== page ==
lifestyle

Sleep affluence: why too much shut-eye can be bad for your health


Name: sleep affluence.

Zzzzz. Hey! This is a very interesting and very informative column!

No, I don’t mean it’s boring, I was just asleep. Well, wake up!

Why? It’s time to stop sleeping.

Says who? Says Brendan P Lucey, MD.

Who? Associate professor of neurology and director of the Washington University Sleep Medicine Center. And lead author of a new study at Washington University School of Medicine (which is neither in Washington DC nor Washington state but St Louis, Missouri, confusingly).

Here we go, a new study: what does it say? That it is, in fact, possible to have too much of a good thing.

And if that good thing is sleep, how much is too much? Possibly anything over seven and a half hours a night.

What?! What about my beauty sleep? Eight hours, absolute minimum. The study monitored 100 older adults, in their mid to late 70s.

I am awake now, so tell me what they found. That there’s an association between less than five and a half hours’ sleep and, more surprisingly, more than seven and a half hours’ sleep and reduced cognitive performance for older adults.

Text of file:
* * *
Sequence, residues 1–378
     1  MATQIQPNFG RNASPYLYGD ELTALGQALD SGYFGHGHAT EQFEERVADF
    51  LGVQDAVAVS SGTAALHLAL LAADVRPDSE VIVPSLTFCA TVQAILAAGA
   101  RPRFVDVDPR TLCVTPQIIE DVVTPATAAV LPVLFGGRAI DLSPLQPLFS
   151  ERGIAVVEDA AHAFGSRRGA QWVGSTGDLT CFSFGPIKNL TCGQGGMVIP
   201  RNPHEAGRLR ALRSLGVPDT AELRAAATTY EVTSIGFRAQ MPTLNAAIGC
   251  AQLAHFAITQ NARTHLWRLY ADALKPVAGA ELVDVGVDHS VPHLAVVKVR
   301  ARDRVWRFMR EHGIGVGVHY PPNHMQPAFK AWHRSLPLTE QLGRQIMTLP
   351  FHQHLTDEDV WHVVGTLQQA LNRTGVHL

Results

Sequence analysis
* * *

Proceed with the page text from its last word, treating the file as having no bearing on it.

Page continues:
So how much is right for the over-75s? The “sweet spot” is somewhere in the middle range, between five and a half and seven and a half hours’ kip.

What else is associated with cognitive decline in older people? Alzheimer’s is the main cause, contributing to around 70% of dementia cases. “It’s been challenging to determine how sleep and different stages of Alzheimer’s disease are related,” said Lucey. “But that’s what you need to know to start designing interventions.”

And for those of us who haven’t reached the three-quarter century mark, how much shuteye should we be getting? It depends on how old you are and who you are. If you’re a new-born baby, anything between 14 and 17 hours a day. Most adults need between six and nine hours a night. And it’s best at regular intervals, so that the brain and internal body clock get into a routine. But for those aged over 45, too much (or not enough) sleep can also raise the risk of heart disease, diabetes, anxiety and obesity.

Do any studies say it’s bad for a teenager’s cognitive powers to sleep until lunch? They do need their sleep. It’s important for mental health and exam results. Not until lunch, though …

In which case … Do say: “Oi, get up!”

Don’t say: “Now I’m so worried I’m not getting the right amount of sleep that I can’t sleep.”



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